Anyone visiting the University of Pennsylvania’s Wharton School of Business graduation may have noticed a tiny visitor making her way across the stage to accept a degree.
This week, five-year old Nyah Matovu joined her mother, Divinity Matovu, at the ceremony, accepting her mother’s MBA on her behalf.
The two can be seen smiling from ear-to-ear during the special mother-daughter moment, while the audience in Philadelphia gave a powerful round of applause.
“I knew that I wanted her to be there and walking across the stage with me,” Divinity Matovu told theGrio in a phone interview.
— Divinity Matovu (@divinitymatovu) May 15, 2017
“This was a proud moment,” Matovu said. “She wasn’t shy at all. She was very confident, and this is one of the things I’m trying to instill in her.”
Nyah will be graduating from Pre-K this year. She has become pretty well-known at UPenn due to her frequent walks around campus with her mother. For Matovu, the reality of being a single mom while taking grueling quantitative courses at a top-tier business school wasn’t easy.
But some of her hardest moments came before even starting her MBA program, when her 48-year-old mother, Barbara Goss, committed suicide with a gunshot to the head.
“I thought about deferring for a year because I was a wreck,” Matovu said.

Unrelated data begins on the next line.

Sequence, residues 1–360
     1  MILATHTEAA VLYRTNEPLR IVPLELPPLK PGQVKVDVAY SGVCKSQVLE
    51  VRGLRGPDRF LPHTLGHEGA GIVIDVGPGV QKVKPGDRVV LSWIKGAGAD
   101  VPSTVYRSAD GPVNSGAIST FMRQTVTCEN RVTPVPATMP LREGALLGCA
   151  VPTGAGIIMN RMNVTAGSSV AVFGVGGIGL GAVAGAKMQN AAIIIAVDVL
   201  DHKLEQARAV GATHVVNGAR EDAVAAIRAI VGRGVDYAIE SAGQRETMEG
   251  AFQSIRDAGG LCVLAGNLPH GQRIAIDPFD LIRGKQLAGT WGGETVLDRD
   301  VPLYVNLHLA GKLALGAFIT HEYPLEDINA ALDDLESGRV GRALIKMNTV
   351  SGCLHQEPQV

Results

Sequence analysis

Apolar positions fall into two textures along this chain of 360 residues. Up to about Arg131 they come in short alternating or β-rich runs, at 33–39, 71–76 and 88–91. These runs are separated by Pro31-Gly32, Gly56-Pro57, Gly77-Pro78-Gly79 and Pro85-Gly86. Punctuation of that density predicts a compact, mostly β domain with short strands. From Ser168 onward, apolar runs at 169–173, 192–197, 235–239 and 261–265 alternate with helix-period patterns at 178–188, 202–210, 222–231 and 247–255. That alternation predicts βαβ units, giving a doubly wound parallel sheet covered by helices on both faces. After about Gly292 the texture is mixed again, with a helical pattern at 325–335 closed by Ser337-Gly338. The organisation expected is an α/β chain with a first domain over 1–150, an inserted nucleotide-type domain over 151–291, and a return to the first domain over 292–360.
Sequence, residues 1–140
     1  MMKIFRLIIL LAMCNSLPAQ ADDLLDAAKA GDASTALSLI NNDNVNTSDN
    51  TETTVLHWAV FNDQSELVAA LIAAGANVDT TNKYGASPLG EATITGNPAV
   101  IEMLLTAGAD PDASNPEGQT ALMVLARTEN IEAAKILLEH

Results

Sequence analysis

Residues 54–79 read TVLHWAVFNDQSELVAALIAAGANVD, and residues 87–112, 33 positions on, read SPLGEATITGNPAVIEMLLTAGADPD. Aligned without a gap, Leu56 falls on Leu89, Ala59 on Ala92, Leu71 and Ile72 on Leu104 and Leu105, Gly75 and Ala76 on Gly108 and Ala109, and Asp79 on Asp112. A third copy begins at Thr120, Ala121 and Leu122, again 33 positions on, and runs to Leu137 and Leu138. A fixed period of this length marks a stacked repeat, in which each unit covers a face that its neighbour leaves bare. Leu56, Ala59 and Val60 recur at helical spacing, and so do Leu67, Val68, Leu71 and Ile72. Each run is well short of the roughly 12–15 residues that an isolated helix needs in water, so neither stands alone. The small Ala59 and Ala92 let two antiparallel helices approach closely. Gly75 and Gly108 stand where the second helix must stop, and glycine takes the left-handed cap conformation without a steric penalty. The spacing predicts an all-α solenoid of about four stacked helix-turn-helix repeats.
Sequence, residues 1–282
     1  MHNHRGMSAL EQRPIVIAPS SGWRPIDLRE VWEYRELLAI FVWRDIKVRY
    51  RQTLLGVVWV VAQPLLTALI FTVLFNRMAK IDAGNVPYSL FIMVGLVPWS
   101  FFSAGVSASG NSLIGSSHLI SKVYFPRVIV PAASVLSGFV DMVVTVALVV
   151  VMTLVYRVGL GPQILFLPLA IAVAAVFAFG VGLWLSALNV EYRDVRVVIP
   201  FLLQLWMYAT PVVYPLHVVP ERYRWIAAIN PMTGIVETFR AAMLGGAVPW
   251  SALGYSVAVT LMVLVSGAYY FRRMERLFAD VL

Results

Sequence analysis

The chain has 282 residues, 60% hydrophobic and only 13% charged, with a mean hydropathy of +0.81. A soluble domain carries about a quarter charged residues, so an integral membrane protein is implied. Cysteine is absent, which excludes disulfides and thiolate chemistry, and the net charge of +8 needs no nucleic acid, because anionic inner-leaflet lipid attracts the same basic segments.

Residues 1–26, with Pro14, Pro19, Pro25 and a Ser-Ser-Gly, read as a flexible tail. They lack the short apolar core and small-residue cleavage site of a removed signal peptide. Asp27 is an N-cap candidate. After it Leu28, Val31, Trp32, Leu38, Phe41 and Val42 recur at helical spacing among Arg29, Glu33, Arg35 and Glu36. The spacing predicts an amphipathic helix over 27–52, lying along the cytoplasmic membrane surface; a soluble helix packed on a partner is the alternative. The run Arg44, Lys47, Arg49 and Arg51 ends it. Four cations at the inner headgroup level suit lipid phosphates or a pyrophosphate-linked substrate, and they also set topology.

She says up until that point, her mother seemed both healthy and happy.
“I don’t know what was going on in her mind. I do know depression is real. My experience with my mom gave me a green light to let go of the stigma associated with mental health issues.”
Matovu says she started going to therapy while in school to deal with the trauma and grief of her mother’s unexpected death and found inspiration to start her own businesses to support other women.
She created MBAmama.com an online platform that gives resources to working moms pursuing higher education, and Watotolly, an app that aims to lower the cost of childcare by connecting parents with other trusted parents for playdates.
Although it was bittersweet to celebrate her achievements without her own mother there, Matovu wore her ashes in a locket around her neck at graduation.
Now, the young entrepreneur is looking forward to a bright future, hoping to land a job in technology or private equity industries.
Matovu says her young daughter being by her side has been all the inspiration she needs to keep going.
“She grabbed my cheeks,” Matovu said. “She looked at me. She just said, ‘I’m proud of you mommy.’… I was very joyful. Very happy.”